JERUSALEM (Reuters) - Prime Minister Benjamin Netanyahu defended on Sunday a planned speech to the U.S. Congress about Iran, saying he had a moral obligation to speak out on an issue that poses a mortal threat to Israel.
His visit to Washington in March has opened up a rift with the White House and has drawn accusations in Israel that Netanyahu is undermining the country’s core foreign alliance in an effort to win an election due two weeks after the trip.
Briefing his cabinet on the March 3 speech to a joint meeting of Congress, Netanyahu said his priority was to urge the United States and other powers not to negotiate an Iranian nuclear deal that might endanger Israel.
“In coming weeks, the powers are liable to reach a framework agreement with Iran, an agreement liable to leave Iran as a nuclear threshold state,” he said in remarks carried by Israeli broadcasters.
“As prime minister of Israel, I am obligated to make every effort to prevent Iran from getting nuclear weaponry that will be aimed at the State of Israel. This effort is global and I will go anywhere I am invited to make the State of Israel’s case and defend its future and existence.”
John Boehner, the Republican speaker of the House of Representatives, invited Netanyahu without informing the Obama administration, in what the White House deemed a breach of protocol.
Barack Obama, who has a testy relationship with the right-wing Netanyahu, will not meet the Israeli leader during the visit to Washington, his office said. This decision was widely portrayed in the Israeli media as a snub.
The White House has cited the proximity of Israel’s March 17 election and a desire to avoid the appearance of influencing the poll as reason for withholding an Oval Office invitation.
There had also been contacts for a possible meeting between Obama and Israeli President Reuven Rivlin, who is visiting the United States this week to address a United Nations Holocaust commemorations event.
But Rivlin’s spokesman Jason Pearlman and White House National Security Council spokesman Alistair Baskey said there would be no meeting, citing scheduling conflicts.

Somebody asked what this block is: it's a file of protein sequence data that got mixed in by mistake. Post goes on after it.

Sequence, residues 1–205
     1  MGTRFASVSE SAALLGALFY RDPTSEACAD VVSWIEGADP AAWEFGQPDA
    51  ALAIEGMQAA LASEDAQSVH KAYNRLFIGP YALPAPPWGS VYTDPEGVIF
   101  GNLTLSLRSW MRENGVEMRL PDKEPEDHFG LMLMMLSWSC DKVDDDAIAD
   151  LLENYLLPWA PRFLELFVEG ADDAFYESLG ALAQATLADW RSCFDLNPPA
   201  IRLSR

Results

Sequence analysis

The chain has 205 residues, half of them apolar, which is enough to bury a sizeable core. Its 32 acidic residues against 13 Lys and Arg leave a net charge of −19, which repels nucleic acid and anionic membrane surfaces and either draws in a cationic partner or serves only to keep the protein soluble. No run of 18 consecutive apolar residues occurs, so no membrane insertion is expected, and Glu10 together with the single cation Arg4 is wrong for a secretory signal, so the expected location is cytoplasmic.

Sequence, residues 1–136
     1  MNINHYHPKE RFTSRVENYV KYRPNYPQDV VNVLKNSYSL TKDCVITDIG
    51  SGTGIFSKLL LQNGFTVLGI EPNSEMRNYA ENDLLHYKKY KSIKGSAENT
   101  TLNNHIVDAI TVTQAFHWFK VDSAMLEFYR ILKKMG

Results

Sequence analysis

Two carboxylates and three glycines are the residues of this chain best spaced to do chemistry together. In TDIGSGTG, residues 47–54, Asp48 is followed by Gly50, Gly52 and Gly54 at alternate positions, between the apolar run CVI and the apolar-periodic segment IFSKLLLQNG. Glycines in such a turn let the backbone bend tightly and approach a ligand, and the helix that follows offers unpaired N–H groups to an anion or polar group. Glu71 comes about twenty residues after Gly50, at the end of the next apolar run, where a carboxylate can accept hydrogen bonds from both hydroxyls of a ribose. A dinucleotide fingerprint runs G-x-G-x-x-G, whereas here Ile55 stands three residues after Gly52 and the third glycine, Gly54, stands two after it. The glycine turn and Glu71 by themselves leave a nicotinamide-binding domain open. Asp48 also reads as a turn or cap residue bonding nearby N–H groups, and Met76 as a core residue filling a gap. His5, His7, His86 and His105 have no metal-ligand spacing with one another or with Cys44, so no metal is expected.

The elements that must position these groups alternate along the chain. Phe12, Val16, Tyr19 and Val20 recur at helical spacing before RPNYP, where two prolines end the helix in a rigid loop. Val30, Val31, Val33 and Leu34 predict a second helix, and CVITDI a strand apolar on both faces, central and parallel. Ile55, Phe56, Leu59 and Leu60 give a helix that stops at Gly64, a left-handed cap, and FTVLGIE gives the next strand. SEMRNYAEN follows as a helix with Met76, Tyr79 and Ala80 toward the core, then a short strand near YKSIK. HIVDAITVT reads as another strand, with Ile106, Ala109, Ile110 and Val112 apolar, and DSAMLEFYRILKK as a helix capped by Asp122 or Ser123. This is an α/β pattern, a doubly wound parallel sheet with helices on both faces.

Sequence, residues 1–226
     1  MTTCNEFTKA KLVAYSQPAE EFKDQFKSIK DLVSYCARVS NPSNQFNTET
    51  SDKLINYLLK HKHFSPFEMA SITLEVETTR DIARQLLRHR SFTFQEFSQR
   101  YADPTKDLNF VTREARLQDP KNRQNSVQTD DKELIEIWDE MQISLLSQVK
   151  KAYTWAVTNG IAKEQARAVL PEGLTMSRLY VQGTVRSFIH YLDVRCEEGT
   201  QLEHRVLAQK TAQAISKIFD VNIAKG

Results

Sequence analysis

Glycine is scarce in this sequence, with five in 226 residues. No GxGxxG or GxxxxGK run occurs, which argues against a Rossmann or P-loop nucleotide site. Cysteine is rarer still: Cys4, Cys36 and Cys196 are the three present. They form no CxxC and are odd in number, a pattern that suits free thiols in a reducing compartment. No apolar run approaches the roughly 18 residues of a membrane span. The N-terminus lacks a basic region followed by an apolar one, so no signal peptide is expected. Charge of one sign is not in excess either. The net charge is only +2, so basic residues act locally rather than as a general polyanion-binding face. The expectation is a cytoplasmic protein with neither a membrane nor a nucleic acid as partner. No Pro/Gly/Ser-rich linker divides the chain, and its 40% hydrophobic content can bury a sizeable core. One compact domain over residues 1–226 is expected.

The Israeli presidential job is largely ceremonial rather than political, and Rivlin is not up for re-election in March.
White House Chief of Staff Denis McDonough, asked on CNN’s “State of the Union” program on Sunday about the controversial Congress invitation to Netanyahu, said the Obama administration did not want to get into a “blame game” over the issue.
“Let’s take a step back: This is the most important relationship we have in the world. This is something that ought to be and will continue to be, as far as we are concerned, above partisan politics,” he said, referring to U.S. ties with Israel.
The relationship, McDonough said, “stretches across many different things: from values, straight through intelligence cooperation, to defense and security assistance.”
Six world powers — the United States, Britain, China, France, Germany and Russia — have given themselves until the end of June to produce a diplomatic breakthrough with Iran and end a long-running dispute over Tehran’s nuclear ambitions.
Republican Senator John McCain said on the CBS program “Face the Nation” that Israeli-U.S. ties were “never worse,” suggesting that for these reasons he thought “it’s important that Prime Minister Netanyahu speak to the American people.”
Additional reporting by Matt Spetalnick and Doina Chiacu in Washington; Editing by Jeffrey Heller, Gareth Jones and Crispian Balmer and Michael Urquhart